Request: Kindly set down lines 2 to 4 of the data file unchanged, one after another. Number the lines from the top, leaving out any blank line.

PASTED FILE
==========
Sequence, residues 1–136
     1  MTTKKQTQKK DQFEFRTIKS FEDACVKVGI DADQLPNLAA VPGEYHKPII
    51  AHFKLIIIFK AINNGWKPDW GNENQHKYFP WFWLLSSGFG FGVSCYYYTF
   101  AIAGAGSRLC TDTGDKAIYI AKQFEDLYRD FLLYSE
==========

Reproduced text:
     1  MTTKKQTQKK DQFEFRTIKS FEDACVKVGI DADQLPNLAA VPGEYHKPII
    51  AHFKLIIIFK AINNGWKPDW GNENQHKYFP WFWLLSSGFG FGVSCYYYTF
   101  AIAGAGSRLC TDTGDKAIYI AKQFEDLYRD FLLYSE